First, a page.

But again, FDA never followed through to adopt a new regulation or policy. Instead, based on the following preamble from the proposed MDDS rule, FDA comprehensively reconsidered its software policy. 

    "Since 1989, the use of computer-based products and software-based products as medical devices has grown exponentially. In addition, device interconnectivity and complexity have grown in ways that could not have been predicted in 1989. This growth and expansion have created new considerations for elements of risk that did not previously exist. FDA realized that the Draft Software Policy was not adequate to address all of the issues related to the regulation of computer based and software-based medical devices. Based on this history and the complexity and diversity of computer software, FDA decided it would be impractical to prepare one 'software' or 'computer' policy that would be able to address all the issues related to the regulation of computer- and software based medical devices."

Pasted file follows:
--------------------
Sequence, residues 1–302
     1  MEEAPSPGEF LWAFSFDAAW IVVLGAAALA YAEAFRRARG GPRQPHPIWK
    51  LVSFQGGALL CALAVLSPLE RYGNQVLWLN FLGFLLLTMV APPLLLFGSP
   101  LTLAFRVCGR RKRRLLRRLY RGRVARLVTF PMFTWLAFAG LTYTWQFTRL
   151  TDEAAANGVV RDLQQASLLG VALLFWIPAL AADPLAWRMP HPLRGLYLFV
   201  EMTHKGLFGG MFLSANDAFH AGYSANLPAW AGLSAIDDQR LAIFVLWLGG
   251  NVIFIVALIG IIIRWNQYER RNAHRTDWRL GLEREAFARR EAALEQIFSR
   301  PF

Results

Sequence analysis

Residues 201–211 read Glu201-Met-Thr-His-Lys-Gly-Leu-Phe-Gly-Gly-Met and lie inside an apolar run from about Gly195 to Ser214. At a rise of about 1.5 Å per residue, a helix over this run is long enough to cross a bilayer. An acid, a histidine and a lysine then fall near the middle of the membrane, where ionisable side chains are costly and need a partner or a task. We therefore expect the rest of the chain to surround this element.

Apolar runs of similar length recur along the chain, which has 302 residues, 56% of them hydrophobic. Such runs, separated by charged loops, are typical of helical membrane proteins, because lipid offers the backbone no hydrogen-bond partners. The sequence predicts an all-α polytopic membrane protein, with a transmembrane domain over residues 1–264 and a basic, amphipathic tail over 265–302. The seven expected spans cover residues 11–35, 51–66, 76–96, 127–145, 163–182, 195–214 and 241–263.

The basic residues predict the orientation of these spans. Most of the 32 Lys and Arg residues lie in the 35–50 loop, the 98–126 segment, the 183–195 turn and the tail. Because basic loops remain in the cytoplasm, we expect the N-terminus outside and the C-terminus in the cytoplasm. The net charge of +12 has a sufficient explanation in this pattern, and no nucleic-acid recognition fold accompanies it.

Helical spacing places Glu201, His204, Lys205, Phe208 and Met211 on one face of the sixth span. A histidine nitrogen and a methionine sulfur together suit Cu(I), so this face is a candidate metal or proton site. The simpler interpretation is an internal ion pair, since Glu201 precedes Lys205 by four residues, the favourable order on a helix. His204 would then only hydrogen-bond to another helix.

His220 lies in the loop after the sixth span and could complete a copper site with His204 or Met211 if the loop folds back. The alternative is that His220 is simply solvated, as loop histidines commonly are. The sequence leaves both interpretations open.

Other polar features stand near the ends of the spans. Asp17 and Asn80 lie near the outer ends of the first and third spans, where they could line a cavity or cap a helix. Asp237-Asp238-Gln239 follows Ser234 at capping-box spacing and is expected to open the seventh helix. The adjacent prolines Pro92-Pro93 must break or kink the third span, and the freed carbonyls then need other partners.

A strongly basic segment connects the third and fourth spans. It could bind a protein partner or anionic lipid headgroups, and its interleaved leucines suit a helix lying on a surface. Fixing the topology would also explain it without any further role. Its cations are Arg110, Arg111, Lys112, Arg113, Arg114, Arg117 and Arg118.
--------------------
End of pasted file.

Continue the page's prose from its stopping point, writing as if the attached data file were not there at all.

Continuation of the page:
While FDA finalized its MDDS proposal early in 2011, FDA is just now beginning to shed light on what it views as the scope of CDS.

  • When Does CDS Require Premarket Review?

    Honestly, we don't know. Until FDA publishes its draft guidance on CDS, the best anyone can do is look at a variety of risk factors to figure out which side of the premarket review line a piece of software falls.  Based on FDA comments and actions over the last 20 years, we believe the following list of factors has guided the dividing line historically.